Wed Sep 08 06:00pm EDT
As I'm sure you know, LeBron James'(notes) signing with the Miami Heat changed literally every single facet of the NBA. From big things like the way teams are constructed to little things like how much sunscreen Zydrunas Ilgauskas(notes) will need to buy for his head this year, LeBron's choice to take his talents to South Beach have had an Ashton Kutcher-like butterfly effect on everything we know about the NBA.
Included in that "everything" — LeBron's signature. Ever since he joined the NBA, LeBron's Hancock has been a stylized No. 23. But now, since he'll be wearing the No. 6 in Miami, he's had to remix his autograph. As you can imagine, it's all part of a well thought out brand strategy, which LeBron illuminated for the Miami Herald.
It's a season of change for LeBron as he has decided to revamp his signature, too. Since 2003, James has always signed his first name with a looping "L'' that closely resembled the start of his uniform No. 23. Now he has tapered that with a more definable starting letter and added ``#6'' to each autograph.
"It just feels right. This marks a new beginning for me,'' said James in an exclusive interview with Upper Deck, the sole supplier of his authentic memorabilia. "Miami represents a new chapter in my basketball career. I'm really looking forward to it. It's gonna be fun. And I'm gonna do what I can to the best of my ability to bring home a championship to that city.''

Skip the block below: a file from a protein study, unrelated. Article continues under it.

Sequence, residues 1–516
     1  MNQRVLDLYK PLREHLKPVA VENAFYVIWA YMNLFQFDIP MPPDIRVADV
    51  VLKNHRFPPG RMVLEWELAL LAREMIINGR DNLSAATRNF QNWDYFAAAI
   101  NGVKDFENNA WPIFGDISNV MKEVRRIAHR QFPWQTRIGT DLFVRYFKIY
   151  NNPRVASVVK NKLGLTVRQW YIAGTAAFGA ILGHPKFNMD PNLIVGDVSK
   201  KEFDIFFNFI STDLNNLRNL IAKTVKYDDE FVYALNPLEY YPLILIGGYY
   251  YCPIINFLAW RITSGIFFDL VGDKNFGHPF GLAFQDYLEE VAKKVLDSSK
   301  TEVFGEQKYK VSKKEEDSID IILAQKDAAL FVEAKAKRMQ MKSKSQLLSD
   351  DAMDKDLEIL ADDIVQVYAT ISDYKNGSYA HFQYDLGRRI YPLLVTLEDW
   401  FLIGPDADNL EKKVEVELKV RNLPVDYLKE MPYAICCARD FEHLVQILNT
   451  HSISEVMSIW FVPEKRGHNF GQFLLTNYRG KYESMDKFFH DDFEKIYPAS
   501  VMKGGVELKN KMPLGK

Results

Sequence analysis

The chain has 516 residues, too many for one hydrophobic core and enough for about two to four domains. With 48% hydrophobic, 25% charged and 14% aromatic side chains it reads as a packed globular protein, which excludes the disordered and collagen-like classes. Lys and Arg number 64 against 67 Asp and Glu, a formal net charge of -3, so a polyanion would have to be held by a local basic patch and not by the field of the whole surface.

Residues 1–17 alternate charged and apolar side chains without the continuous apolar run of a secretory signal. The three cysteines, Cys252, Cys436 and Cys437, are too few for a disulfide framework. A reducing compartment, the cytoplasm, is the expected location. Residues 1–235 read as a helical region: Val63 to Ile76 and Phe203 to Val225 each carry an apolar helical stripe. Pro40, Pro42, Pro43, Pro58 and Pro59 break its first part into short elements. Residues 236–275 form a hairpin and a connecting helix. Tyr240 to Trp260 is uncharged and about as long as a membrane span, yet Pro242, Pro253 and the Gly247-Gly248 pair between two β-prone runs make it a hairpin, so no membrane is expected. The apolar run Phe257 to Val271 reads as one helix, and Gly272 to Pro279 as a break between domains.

If you're keeping score at home (nerd), that's a new team, new number, new logo and new signature for LeBron James, all in a matter of months. It's almost like he's trying to leave something in the past, but I'm not sure what that could be.
It's TBS "Very Funny" that LeBron is intentionally teaching himself a cool new signature, which is something middle-school kids do when it's time to sign yearbooks. And just think of all the hoops LeBron will have to jump through to get the signature card at his bank changed — such a hassle for 11 letters. Great basketball hoop metaphor by me, though.
One good part about LeBron getting tired of writing his name the same way all the time is that all those old autographs will instantly become more valuable since they're now retro. If you happen to own a signed LeBron Cavaliers jersey, that thing is going to be worth some serious dough, assuming it's not burnt to a crisp.